The plunging price of organic LED screens combined with cunning use of depth-sensing Kinect cameras heralds a quantum leap in interactive advertising
THE writing’s on the wall – and it’s following you. Two new gesture-sensing innovations designed for large electronic screens in public places herald a future in which everything from street art to advertisements track your movements, are fully interactive, and nigh on impossible to ignore.
Giant flat-screen displays powered by organic LEDs (OLEDs) are plunging in price, so screens tens of metres long could soon line urban corridors. Rather than have them simply fire messages at a tuned-out public, researchers at the Technical University of Berlin (TUB) in Germany have built two applications that they hope will captivate passers-by and inspire a new wave of interactive displays.
OLED flat-screen technology is already finding its way into our private spaces:homeowners will soon be able to cover whole living-room walls with screenslike wallpaper. While TV companies ponder what content is best displayed on such vast indoor vistas, the TUB team has been working out what can be achieved with vast outdoor displays.
“We believe that in the future all surfaces in urban areas could be interactive displays,” says team member Robert Walter. “This presents great opportunities and challenges as it will need to be attractive and work in an intelligent way.” The researchers will reveal their first two street-smart applications – StrikeAPose and Screenfinity – next month at the CHI conference in Paris, France. They believe that while advertising could provide the impetus for the adoption of the technology, non-commercial apps will also appear – courtesy of artists or poets, perhaps.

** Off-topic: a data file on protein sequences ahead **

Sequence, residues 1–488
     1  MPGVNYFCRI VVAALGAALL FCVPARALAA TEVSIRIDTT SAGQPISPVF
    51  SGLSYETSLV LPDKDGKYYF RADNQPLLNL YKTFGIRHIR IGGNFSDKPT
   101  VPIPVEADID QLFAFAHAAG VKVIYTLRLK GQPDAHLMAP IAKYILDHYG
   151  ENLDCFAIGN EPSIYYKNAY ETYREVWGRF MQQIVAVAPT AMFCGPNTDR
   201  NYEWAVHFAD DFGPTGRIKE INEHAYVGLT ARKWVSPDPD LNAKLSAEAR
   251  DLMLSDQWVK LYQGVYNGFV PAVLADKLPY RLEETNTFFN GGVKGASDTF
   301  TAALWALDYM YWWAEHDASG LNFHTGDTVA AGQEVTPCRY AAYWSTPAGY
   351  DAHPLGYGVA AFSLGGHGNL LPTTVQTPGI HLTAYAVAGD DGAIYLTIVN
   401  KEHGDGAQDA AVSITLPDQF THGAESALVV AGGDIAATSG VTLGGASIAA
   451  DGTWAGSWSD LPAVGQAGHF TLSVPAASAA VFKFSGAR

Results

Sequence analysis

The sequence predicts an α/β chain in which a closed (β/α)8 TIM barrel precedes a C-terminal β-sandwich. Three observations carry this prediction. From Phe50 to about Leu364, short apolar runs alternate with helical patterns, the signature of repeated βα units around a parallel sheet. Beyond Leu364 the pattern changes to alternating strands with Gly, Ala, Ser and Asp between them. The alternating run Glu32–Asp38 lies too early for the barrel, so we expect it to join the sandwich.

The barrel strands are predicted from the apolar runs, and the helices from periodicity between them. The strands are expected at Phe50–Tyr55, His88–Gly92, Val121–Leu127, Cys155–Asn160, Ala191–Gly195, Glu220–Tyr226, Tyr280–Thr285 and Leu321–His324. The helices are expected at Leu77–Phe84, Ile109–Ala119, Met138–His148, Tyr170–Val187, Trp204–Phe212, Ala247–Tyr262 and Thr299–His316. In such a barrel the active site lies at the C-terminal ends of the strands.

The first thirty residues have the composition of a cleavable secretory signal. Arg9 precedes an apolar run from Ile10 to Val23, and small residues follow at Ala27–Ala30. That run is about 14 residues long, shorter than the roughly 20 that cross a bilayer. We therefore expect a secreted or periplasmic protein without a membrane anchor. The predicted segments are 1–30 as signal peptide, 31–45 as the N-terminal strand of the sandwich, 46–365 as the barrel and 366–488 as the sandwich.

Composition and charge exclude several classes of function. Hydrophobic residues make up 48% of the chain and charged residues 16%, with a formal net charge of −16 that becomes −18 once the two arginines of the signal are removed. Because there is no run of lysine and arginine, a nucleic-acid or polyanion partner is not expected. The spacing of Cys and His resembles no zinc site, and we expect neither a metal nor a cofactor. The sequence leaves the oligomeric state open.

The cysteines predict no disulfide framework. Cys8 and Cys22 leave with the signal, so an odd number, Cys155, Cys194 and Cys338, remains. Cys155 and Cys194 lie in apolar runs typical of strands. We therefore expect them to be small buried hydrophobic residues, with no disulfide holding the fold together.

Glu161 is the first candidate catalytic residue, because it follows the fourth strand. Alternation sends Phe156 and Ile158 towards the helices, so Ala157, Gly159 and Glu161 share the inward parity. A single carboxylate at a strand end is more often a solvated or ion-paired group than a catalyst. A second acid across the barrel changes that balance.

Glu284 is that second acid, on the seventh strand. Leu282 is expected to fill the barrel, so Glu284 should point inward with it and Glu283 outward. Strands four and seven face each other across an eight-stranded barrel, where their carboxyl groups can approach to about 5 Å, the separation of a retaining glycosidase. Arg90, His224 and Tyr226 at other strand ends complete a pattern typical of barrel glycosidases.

StrikeAPose, developed by Walter’s team, lets a person in the street perform a unique gesture to take control of anything from a bus-shelter advert screen to a large, Times-Square-style video wall. Once you are registered as the screen controller, software fed by the depth cameras used in Microsoft’s Kinect system lets you control, say, a gesture-driven game. In trials in a university cafeteria, the team settled on a registration gesture they call The Teapot: users put their hands on both hips, their arms describing the profile of two teapot handles. This was the most robust gesture, even when obfuscated by thick clothing.
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